This could be because of the churning that the geospatial market is going through. There is a significant disruption in terms of its course of business directions with new sets of opportunities are opening up with revolution in space technologies, Internet of Things, increasing focus on automation, and location enablement with the 4th industrial revolution.

In such a background, traditional geospatial companies are finding it tough to stay on top of things. Hexagon is currently perhaps at its highest peak in terms of consistent profitability and cost efficiency, and it may be worthwhile to note that it would be very difficult to maintain this momentum in the coming times.

The last but not the least that could be of interest is that Hexagon is a company which is controlled by private equity investors. Its largest shareholder is Melker Schörling. As of May 31, his company Melker Schörling AB had 26% shareholding and 46.9 voting rights. Ramsbury Invest AB is the second largest shareholder with 4.8% shares and 3.4% voting rights. Schörling, who had served as the Chairman of Board so far, announced to step down in May citing ill health.

Schörling had in anyway not been involved in day-to-day operation of the company, and with the uncertainty looming over Rollen’s future and leadership, it was but obvious a seasoned private equity player like him would look for an exit plan when the going is good.

Who could be the possible buyers

The WSJ report said Hexagon was holding talking with an American or European rival. By its own admission in its 2016 annual report, Hexagon sees the following technology companies as competitors.

Hexagon AB competitorsA quick look at the table shows of the list only two – Autodesk and Dassault Systèmes — have the financial muscle to buy Hexagon.

Paris-based Dassault Systèmes develops and markets PLM software and services that support industrial processes by providing a 3D vision of the entire lifecycle of products from conception to maintenance. Interestingly, Dassault Systèmes customer profile is similar to Hexagon’s — Aerospace and Defense, Architecture, Engineering and Construction, Energy, and processes, Finance and Corporate Services, High Technology, Industrial Equipment, Life Sciences, Marine & Offshore, Natural Resources, and Transport & Mobility.

On the other hand, while Autodesk has kept away from hardware all this while, last November it entered into a partnership with Leica Geosystems (a Hexagon subsidiary) to provide wider access to premier reality-capture and BIM-to-field layout solutions for professionals involved in laser scanning, building construction layout and related markets. The companies also announced that they were further exploring multiple technology integrations for ways to create synergies that will benefit their joint customers.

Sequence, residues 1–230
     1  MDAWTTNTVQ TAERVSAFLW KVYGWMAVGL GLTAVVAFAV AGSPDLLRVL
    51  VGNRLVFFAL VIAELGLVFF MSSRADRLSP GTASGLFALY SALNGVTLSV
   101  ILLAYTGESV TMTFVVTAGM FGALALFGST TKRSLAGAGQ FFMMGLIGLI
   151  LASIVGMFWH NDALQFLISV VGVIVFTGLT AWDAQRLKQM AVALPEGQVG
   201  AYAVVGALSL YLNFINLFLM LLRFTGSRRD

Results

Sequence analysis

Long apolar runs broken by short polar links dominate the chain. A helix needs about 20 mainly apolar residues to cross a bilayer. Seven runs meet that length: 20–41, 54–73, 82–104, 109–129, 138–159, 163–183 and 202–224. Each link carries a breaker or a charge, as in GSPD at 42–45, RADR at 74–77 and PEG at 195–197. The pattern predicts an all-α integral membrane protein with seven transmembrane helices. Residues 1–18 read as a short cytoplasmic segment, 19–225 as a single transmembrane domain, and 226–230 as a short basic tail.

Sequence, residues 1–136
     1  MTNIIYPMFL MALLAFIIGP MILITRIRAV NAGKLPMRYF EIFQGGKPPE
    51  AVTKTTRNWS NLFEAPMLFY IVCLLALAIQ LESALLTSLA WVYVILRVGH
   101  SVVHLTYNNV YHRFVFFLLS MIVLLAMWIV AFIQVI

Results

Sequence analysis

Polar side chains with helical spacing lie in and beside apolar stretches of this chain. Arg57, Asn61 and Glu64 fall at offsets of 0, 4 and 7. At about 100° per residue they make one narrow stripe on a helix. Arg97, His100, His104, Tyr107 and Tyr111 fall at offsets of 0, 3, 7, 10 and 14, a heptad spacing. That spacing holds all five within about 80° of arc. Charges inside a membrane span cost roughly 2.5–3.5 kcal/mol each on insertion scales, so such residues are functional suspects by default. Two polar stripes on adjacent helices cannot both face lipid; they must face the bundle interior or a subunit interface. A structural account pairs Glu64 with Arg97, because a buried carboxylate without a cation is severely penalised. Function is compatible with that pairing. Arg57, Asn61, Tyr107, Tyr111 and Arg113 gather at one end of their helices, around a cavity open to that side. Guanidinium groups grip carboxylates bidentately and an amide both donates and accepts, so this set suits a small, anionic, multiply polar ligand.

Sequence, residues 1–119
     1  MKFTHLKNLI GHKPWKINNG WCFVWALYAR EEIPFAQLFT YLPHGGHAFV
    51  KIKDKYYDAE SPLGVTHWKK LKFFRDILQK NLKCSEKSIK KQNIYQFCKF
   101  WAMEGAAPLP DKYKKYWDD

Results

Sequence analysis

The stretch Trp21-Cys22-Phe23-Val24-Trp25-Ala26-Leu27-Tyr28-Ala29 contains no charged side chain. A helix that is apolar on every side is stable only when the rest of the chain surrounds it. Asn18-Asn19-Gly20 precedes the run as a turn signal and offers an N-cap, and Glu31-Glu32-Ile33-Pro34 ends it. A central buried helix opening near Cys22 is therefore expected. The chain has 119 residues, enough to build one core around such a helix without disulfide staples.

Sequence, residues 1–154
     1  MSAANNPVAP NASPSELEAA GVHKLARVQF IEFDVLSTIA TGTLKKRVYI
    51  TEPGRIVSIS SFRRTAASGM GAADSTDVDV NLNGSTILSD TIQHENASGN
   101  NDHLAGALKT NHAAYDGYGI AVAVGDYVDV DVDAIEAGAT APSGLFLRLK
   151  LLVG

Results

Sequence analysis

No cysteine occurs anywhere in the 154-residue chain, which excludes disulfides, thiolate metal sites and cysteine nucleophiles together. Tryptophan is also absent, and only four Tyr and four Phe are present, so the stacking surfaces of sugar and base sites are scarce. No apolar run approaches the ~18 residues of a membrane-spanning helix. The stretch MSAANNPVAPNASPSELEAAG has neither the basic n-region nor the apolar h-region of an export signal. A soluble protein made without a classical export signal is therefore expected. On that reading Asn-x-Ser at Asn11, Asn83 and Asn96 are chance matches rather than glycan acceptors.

Autodesk’s primary interest area of 3D design (including 3D printing) fits in perfectly with Hexagon’s vision of driving the process of smart change through digitalization.

Of the other companies in the competitor list, either they are too small in market cap size or are smallish privately held companies. Only Trimble is bigger than the rest and has a similar product/customer portfolio as Hexagon. However, given that its market value is almost half of that of Hexagon ($9.2 billion), it could be a tall call for it to raise the funds for such an acquisition.

There is another possibility however of a buyer being a completely outsider — a mainstream IT or technology infrastructure company.

About Hexagon

There are more than six sides to the Hexagon Group – it has a network of 45 subsidiaries providing products for measuring — everything from the length of a microchip to the height of a mountain. Hexagon’s sells its software and hardware for nano, micro, and macroscale applications in more than 160 countries, and maintains R&D operations in about 50 countries with about 18,000 employees.

According to Hexagon’s 2016 annual report, 50% of its net sales come from the Geospatial Enterprise Solutions business, which includes Hexagon Geosystems, Safety & Infrastructure, and Positioning Intelligence. Hexagon’s geospatial solutions are used for infrastructure planning, construction and maintenance and in the mining, agriculture and public safety industries. The other half comes from the Industrial Enterprise Solutions, which includes the divisions Manufacturing Intelligence and PPM. Hexagon’s industrial solutions are used for measurement and quality inspection of complex components in manufacturing processes as well as in design and operation of engineering facilities.